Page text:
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Observation
March 2003

Late-Developing Cerebral Arteropathy After Pyogenic Meningitis

Author Affiliations

From the Departments of Medicine (Neurology) (Drs Palacio and Hart), Neurosurgery (Dr Vollmer), and Pathology (Neuropathology) (Dr Kagan-Hallet), University of Texas Health Sciences Center, San Antonio.

Arch Neurol. 2003;60(3):431-433. doi:10.1001/archneur.60.3.431
Abstract

Background  Although vasculopathy is a recognized complication during acute meningitis, to our knowledge, no previous reports have been published of this phenomenon developing months after successful treatment.

Objective  To report a unique case of a late-developing vasculopathy after pyogenic meningitis in an adult.

Report of a Case  A 51-year-old woman was seen with severe headache 2 months after treatment of Haemophilus influenzae type C meningitis. Initial arteriography showed no abnormality; a second arteriogram showed progressive multifocal intracranial stenosis affecting mainly the internal carotid arteries. Findings from pathologic examination disclosed diffuse collagenosis consistent with chronic vascular injury from meningitis. The arterial lesions stabilized, and the patient remained asymptomatic.

Conclusion  Progressive intracranial arterial stenosis can evolve months after meningitis and should be added to the list of recognized vascular complications.

ARTERIAL INVOLVEMENT during the acute course of pyogenic meningitis is frequent and can lead to stroke.1 Long-term cerebrovascular complications, especially in adults, are less well characterized, owing in part to the coexistence of other confounders that may predispose to cerebral ischemia. We report a case of progressive cerebral arteropathy that began and evolved during the months after successful treatment of severe Haemophilus influenzae type C meningitis in an adult, resulting in a moya-moya pattern on cerebral arteriography.

REPORT OF A CASE

A 51-year-old healthy, left-handed woman with a history of chronic tobacco smoking and asthma developed confusion, fever, nausea, and vomiting that followed an earache that was treated with otic drops. On admission to the hospital a lumbar puncture showed a white blood cell count of 11.4 ×103/µL (11.4 ×109/L), with 95% neutrophils; a glucose level of 5 mg/dL (2.8 mmol/L); and a protein level of 643 mg/dL (6.43 g/L) all of which is consistent with pyogenic meningitis. Haemophilus influenzae type C grew from cultures of cerebrospinal fluid. She was treated with a combination of antibiotics and corticosteriods and required mechanical ventilation for 10 days, followed by gradual neurological improvement of her condition.

No regular medications were taken prior to hospitalization. A history of avascular hip necrosis and exacerbation of asthma by aspirin use was noted.

Six weeks later, the patient reported recurrent headaches and 2 brief episodes of left-sided numbness. An examination of the patient's cerebrospinal fluid showed a total white blood cell count of 0.13 ×103/µL (13.5 ×109/L), with 90% lymphocytes; a glucose level of 32 mg/dL (17.8 mmol/L); and a protein level of 195 mg/dL (1.95 g/L).

Two months after the initial hospitalization, persistent headache led to cerebral arteriography (Figure 1) that showed no abnormality, except for the presence of a 5-mm aneurysm of the left internal carotid artery near the ophthalmic artery origin, suspected to be a congenital "berry" aneurysm (Figure 1 A and E). Cranial magnetic resonance imaging using radiolabeled gadolinium 64 showed meningeal enhancement and pansinusitis. She was treated with a combination of oral antibiotic agents.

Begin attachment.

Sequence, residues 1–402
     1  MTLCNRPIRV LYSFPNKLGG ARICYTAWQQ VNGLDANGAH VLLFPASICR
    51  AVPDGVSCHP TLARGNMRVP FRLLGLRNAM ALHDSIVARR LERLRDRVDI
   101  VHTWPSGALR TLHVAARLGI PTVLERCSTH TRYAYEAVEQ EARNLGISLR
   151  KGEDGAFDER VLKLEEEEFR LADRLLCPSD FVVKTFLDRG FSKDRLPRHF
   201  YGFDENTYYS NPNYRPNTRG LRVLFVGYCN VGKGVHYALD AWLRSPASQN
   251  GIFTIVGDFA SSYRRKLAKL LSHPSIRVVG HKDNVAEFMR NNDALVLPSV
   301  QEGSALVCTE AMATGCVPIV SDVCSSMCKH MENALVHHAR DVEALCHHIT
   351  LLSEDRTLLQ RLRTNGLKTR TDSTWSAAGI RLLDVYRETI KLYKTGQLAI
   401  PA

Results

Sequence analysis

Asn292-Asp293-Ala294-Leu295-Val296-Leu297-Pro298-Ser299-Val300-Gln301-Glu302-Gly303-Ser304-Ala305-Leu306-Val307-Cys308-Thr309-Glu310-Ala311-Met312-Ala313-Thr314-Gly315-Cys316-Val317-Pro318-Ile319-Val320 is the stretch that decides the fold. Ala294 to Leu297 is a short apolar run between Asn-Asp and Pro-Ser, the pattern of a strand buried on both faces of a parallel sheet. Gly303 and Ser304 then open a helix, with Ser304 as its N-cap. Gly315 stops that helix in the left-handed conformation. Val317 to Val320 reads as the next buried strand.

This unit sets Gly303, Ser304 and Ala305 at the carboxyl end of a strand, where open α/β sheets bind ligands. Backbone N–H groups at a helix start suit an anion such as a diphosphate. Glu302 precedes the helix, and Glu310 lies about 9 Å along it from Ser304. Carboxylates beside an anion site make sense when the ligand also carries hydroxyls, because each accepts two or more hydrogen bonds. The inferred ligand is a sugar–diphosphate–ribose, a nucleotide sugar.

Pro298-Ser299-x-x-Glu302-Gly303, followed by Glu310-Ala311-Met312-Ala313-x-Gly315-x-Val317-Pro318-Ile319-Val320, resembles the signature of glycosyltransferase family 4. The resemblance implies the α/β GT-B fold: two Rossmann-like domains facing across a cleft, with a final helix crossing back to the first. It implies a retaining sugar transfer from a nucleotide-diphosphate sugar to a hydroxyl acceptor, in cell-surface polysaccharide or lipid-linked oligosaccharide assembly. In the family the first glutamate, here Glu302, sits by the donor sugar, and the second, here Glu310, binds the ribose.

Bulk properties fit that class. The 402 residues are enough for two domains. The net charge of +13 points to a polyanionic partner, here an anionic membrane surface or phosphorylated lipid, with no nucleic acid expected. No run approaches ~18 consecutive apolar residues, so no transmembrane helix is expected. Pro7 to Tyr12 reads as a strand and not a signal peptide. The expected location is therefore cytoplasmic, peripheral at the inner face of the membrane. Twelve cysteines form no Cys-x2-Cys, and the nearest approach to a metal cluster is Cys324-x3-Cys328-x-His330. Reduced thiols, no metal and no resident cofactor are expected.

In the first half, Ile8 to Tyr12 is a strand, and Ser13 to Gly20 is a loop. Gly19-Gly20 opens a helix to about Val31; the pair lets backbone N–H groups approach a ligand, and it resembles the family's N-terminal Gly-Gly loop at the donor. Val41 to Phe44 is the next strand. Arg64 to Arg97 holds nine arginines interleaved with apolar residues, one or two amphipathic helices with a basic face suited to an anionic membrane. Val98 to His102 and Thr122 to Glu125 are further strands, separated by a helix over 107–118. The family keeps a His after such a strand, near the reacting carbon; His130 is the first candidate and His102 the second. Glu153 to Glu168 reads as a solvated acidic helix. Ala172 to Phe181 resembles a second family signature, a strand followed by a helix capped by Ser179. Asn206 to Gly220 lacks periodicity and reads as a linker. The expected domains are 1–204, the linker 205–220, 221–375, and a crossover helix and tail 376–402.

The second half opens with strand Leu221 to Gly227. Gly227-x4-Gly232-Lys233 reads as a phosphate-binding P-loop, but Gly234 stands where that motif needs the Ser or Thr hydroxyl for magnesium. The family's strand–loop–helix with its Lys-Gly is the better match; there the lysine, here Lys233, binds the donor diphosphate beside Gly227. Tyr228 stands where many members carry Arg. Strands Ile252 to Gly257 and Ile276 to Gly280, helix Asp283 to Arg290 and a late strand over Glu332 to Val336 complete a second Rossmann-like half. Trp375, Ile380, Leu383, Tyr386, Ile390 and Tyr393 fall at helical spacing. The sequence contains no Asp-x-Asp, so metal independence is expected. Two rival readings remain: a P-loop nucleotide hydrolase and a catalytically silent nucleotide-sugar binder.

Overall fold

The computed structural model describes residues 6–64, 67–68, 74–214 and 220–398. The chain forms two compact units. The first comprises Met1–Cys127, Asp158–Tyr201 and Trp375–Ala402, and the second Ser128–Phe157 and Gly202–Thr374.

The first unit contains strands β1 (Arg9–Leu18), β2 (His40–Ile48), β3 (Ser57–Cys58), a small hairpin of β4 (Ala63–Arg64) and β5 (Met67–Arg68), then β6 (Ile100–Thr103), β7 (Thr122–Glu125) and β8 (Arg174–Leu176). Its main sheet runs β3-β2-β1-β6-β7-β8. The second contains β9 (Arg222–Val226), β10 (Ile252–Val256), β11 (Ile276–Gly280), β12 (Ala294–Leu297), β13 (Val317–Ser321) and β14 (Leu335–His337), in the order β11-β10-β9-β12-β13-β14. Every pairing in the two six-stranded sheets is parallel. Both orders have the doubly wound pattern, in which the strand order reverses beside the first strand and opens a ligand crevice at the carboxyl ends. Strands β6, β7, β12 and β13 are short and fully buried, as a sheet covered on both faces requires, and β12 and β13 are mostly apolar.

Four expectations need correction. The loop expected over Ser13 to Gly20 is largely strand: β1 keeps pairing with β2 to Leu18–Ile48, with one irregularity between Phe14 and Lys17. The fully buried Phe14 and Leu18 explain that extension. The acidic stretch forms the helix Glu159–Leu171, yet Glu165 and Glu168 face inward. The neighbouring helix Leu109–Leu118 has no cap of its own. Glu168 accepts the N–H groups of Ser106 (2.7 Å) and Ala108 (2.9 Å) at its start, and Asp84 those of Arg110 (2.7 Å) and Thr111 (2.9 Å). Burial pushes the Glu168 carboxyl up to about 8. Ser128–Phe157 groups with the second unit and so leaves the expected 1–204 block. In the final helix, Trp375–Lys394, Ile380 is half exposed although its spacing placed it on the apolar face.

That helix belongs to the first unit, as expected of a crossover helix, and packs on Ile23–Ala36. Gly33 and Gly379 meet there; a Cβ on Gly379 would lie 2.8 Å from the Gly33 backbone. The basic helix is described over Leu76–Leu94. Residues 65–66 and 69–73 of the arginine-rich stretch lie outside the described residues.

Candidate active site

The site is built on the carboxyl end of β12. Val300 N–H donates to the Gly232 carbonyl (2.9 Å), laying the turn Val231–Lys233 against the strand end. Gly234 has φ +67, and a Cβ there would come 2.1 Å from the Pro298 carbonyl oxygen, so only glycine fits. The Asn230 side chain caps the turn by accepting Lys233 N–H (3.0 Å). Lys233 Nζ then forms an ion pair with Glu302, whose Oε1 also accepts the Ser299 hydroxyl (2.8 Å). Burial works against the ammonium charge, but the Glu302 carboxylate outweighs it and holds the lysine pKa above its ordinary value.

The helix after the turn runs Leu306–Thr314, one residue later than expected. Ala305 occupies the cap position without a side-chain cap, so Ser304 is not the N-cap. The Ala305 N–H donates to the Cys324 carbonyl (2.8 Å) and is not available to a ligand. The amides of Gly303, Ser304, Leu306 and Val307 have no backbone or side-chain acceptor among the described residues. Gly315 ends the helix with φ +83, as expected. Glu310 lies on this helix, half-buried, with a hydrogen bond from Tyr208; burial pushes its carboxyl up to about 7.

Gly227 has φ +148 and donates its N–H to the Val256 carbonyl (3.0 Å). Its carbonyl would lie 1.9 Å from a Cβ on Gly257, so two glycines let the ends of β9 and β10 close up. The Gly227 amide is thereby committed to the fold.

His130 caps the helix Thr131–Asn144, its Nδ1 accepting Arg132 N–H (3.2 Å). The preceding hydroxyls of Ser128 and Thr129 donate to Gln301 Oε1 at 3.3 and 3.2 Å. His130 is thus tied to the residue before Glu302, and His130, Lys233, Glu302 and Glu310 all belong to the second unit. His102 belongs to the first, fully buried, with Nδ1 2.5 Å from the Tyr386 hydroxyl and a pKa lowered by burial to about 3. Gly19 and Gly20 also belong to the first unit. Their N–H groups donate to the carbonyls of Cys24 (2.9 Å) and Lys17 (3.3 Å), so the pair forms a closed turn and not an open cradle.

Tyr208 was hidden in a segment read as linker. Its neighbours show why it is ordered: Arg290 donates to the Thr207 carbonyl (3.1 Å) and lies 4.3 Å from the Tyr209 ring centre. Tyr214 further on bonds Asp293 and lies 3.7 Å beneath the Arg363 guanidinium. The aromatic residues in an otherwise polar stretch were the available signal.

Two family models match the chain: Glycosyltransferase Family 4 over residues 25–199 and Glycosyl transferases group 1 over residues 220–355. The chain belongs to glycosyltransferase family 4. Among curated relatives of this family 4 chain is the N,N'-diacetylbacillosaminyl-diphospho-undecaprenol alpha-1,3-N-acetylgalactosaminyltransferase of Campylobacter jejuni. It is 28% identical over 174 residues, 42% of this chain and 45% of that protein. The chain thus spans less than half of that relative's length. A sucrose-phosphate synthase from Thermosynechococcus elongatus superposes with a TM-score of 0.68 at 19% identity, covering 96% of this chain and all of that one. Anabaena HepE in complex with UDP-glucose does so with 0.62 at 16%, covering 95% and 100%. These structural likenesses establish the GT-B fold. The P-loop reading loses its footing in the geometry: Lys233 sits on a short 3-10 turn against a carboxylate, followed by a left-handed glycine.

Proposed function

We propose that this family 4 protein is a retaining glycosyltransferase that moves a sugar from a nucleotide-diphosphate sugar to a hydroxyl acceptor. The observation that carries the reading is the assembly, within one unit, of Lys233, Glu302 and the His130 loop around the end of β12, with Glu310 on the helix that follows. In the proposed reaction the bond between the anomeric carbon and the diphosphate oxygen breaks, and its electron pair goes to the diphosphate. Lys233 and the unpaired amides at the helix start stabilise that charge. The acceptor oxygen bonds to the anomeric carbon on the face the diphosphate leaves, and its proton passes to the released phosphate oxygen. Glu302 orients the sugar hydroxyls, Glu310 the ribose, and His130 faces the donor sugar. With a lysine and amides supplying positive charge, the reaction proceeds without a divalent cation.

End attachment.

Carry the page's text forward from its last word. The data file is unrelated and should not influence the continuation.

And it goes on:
Consecutive (serial) cerebral angiograms showing the progression of left (LICA) and right intracranial carotid artery (RICA) stenosis. A, Three months after meningitis, there was a 4-mm saccular aneurysm on the LICA at the level of the origin of the ophthalmic artery, with no intracranial stenosis. B, Seven months after meningitis, 50% carotid siphon stenosis is noted to have been developing since the initial angiogram. C, Nine months after meningitis, the progression of siphon stenosis to 90% can be seen. D, Twenty-two months after meningitis, 90% of the siphon stenosis is unchanged from the prior angiogram performed 13 months earlier. In A through D, wide arrows indicate involvement of the supraclinoid segment of the LICA; thin arrows, the presence of incidental LICA congenital aneurysm; white arrows, the progressive development of collateral circulation of the lenticulostriate arteries in a moya-moya pattern. Serial angiograms showing the same process seen in A through D, involving the RICA. E, Three months after meningitis, the RICA is normal. F, Seven months after meningitis, moderate stenosis on the RICA involving the siphon can be seen with significant degree of reflux into the external carotid branches. G, Nine months after meningitis, there is 90% stenosis of the RICA siphon. H, Twenty-two months after meningitis, there is 90 % stenosis, unchanged from the previous angiogram. In E through H, black arrows indicate progression of RICA stenosis; white arrows, the progressive development of collateral circulation of lenticulostriate arteries.

Consecutive (serial) cerebral angiograms showing the progression of left (LICA) and right intracranial carotid artery (RICA) stenosis. A, Three months after meningitis, there was a 4-mm saccular aneurysm on the LICA at the level of the origin of the ophthalmic artery, with no intracranial stenosis. B, Seven months after meningitis, 50% carotid siphon stenosis is noted to have been developing since the initial angiogram. C, Nine months after meningitis, the progression of siphon stenosis to 90% can be seen. D, Twenty-two months after meningitis, 90% of the siphon stenosis is unchanged from the prior angiogram performed 13 months earlier. In A through D, wide arrows indicate involvement of the supraclinoid segment of the LICA; thin arrows, the presence of incidental LICA congenital aneurysm; white arrows, the progressive development of collateral circulation of the lenticulostriate arteries in a moya-moya pattern. Serial angiograms showing the same process seen in A through D, involving the RICA. E, Three months after meningitis, the RICA is normal. F, Seven months after meningitis, moderate stenosis on the RICA involving the siphon can be seen with significant degree of reflux into the external carotid branches. G, Nine months after meningitis, there is 90% stenosis of the RICA siphon. H, Twenty-two months after meningitis, there is 90 % stenosis, unchanged from the previous angiogram. In E through H, black arrows indicate progression of RICA stenosis; white arrows, the progressive development of collateral circulation of lenticulostriate arteries.